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The Devil's in the Details

August 18, 2010

We never build the same kitchen twice, but the challenge is always the same -  to create a space that is both elegant and functional. Serving not only the user's culinary and domestic needs, but reflecting sensitive and thoughtful values that elevate the spirit.  Heady goals for a humble kitchen?  Why not?

Each completed kitchen must be as unique as the home and the client that occupies it. Letting the house speak to you - may sound corny - but it's a good place to start. Maintaining the home's integrity, even when faced with the inevitable updating, is not only desirable, but downright essential. Its more than just a worn cliche; if you respect an old house it will thank you. We allowed this home to guide us; from trim to cabinets to finishing touches.

For the Eastport kitchen remodel we decided to keep it simple - drawing from the home's intact Federal detailing - adding references to Shaker, English country and an 1840's butler's pantry. The Federal Style, inspired by Greek, Roman and Egyptian architecture, came to symbolize the emerging ideals and aspirations of the new American democracy. This home's scaled down version has a quiet dignity, reflecting its individual connection to community, while expressing simple values of order and respect for "finer feelings."

The early kitchen with its beaded baseboard and chair-rail extending all the way around the room would have been furnished largely with free standing pieces. Perhaps a dry sink, hutch and rocking chair - a large work table with ladder-back chairs for a 'sit down' or 'cards'- and a rough wood box to feed the cooking fireplace. Since we were building traditional cabinets for a modern home we had to take a different approach.

We took our cue from 'built-ins' we had seen in grander homes surviving from the early nineteenth century. Plain spare cabinets create a counterpoint to ogee and beaded door and window trim. Cabinet doors mirror mortise and tenon interior doors we'd found onsite. We applied the same type of panel to each exposed cabinet end. We always dovetail our drawers for strength and beauty. In the nineteenth century they were cut by hand - today we use a jig and router. Varying the size of the rails and styles added interest and improved function. 1 and 2 inches on the face frame - 2 ½ and 3 inches on the doors. The cabinets were inset 1 inch from the trim - creating a nice outline and allowing room for the countertop's edge. Small slices of the original baseboard were tacked in to fill the gap at the bottom suggesting the former - continuous run.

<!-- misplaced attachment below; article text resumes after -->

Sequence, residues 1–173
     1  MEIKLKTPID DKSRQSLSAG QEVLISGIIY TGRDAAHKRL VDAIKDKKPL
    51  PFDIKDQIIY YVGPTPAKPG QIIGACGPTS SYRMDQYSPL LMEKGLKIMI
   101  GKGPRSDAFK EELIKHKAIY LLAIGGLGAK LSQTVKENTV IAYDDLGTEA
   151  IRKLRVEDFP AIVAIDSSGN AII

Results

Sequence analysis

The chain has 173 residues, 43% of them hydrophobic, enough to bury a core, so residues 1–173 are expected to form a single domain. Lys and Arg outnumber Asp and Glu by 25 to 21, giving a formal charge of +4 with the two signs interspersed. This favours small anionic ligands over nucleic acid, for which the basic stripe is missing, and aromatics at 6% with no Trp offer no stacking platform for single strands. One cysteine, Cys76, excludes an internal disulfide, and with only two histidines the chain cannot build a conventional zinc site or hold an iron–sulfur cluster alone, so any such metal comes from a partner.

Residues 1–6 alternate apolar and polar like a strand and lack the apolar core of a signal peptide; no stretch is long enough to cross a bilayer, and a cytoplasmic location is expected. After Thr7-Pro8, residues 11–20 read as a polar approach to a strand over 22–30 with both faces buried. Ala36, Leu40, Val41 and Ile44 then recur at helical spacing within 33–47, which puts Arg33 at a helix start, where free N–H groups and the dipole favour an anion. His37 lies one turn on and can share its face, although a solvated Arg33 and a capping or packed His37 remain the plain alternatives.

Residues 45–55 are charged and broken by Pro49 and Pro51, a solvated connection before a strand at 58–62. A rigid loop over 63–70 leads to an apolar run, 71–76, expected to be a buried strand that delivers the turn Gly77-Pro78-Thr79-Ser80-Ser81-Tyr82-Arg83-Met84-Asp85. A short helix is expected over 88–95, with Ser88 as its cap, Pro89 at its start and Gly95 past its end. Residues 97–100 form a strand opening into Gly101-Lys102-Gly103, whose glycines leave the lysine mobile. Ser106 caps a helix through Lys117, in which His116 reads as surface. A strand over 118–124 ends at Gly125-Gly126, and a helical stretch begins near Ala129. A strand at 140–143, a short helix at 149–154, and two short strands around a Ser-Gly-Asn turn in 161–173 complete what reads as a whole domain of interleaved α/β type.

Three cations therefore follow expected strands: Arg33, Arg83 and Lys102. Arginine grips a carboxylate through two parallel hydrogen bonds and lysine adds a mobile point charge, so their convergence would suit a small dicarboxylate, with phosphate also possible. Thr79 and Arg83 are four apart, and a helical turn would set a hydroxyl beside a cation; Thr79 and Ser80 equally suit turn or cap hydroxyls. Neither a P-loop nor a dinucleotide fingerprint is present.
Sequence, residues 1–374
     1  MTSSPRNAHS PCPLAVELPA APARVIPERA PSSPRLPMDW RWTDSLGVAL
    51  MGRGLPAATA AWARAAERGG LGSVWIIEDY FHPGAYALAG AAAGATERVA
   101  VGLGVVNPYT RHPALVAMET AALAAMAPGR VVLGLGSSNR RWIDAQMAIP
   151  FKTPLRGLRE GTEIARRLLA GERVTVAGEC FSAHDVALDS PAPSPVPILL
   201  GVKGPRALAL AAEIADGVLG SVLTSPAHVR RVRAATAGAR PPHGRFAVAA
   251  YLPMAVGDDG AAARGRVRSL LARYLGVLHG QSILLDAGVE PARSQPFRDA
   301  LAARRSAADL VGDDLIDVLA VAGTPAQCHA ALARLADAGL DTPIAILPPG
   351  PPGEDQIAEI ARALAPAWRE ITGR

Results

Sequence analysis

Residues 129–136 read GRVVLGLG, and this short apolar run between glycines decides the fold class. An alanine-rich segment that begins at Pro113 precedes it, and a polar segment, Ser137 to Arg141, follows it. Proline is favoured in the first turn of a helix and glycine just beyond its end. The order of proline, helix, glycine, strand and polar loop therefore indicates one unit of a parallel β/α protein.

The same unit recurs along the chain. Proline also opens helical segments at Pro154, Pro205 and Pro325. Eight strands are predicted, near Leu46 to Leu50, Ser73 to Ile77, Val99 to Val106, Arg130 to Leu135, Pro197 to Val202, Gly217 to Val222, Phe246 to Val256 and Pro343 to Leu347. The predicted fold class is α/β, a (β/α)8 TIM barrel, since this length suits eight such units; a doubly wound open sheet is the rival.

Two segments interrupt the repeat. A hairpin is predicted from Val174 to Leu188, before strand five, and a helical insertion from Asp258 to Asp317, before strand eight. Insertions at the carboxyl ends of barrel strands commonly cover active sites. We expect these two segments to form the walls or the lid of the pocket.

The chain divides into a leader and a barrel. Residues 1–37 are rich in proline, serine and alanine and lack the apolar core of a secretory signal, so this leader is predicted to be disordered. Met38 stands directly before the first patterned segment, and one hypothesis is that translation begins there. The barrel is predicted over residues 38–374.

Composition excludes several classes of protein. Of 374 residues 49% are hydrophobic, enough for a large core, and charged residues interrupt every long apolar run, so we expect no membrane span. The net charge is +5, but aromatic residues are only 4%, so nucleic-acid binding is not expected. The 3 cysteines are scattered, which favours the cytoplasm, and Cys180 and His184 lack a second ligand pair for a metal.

For lighting and fixtures we blended old and new. We chose a classic line from Rejuvenation (a company that makes period reproductions), opting for an antique, oil-rubbed bronze finish. Nickel would have made it too specific to the 1930s; shiny brass the 1890s. This color was extended to ball-tipped hinges, faucet and drain. The Moen (one handed) faucet - with its modern sculpted features is a bit oversized, but looks surprisingly traditional - reminiscent of an old-time hand operated water pump.

The knobs for the cabinetry were slated to be oil-rubbed bronze as well.  A 'middle of the night' revelation changed that plan completely.  The cool touch and modern feel of the metal just didn't seem right. During an early inspection we found that the home still sported a few distinctive, hand turned mahogany knobs more than common in the Federal period. They were widely used on Empire furniture - the corresponding French style. It seemed obvious they should be on our built-in 'furniture' as well. The warmth and natural beauty of a wooden knob would feel much better and it would provide a further connection to the old house. Dark walnut was substituted for mahogany, to compliment the bronze.

Our choice was given additional support several days later. A Home Depot run to Ellsworth provided an opportunity to visit Woodlawn House Museum. While on the tour we peered in the butler's pantry. There was our vision - white painted cabinets with the dark mahogany (Empire) knobs. It was a beautiful fit and definitely the way to go!

We choose a slightly oversized version (to add distinction) - stained all thirty-six- rubbed them smooth with extra fine steel wool - then a couple coats of tung oil. We used dark antique brass reproduction turns (similar to those also surviving elsewhere in the house) to secure the new pantry cabinet's doors, as a nice traditional touch. It is little details like this that can make all the difference.

All the oil-rubbed bronze fixtures are complimented by the Corian countertop color - Earth, the previously sanded and finished pine board floors (protected with Ram Board for the renovation) and walls painted with the Benjamin Moore historic color - Monroe Bisque (which turned out to be one of the room's early colors). The trim in the rest of the house is white, so we went with classic white for the cabinets as well, to maintain continuity.  White appliances were chosen to blend with the cabinets - creating a more seamless look. The stove is back in the traditional cooking spot; you can still see (on the floor) the mitered corners that surrounded the old hearth stone. The slide-in version allows the Corian backsplash to span the whole fireplace wall - giving it a really built-in look.

After all the planning, figuring and building is done it's the time to stand back and see how our careful choosing has added up. The final product is something you just can't see on 'paper.' The look invariably surprises - even us. In this case, dare I say, pure heaven.

 

For more photos of the project click here

(click photo to view larger image)

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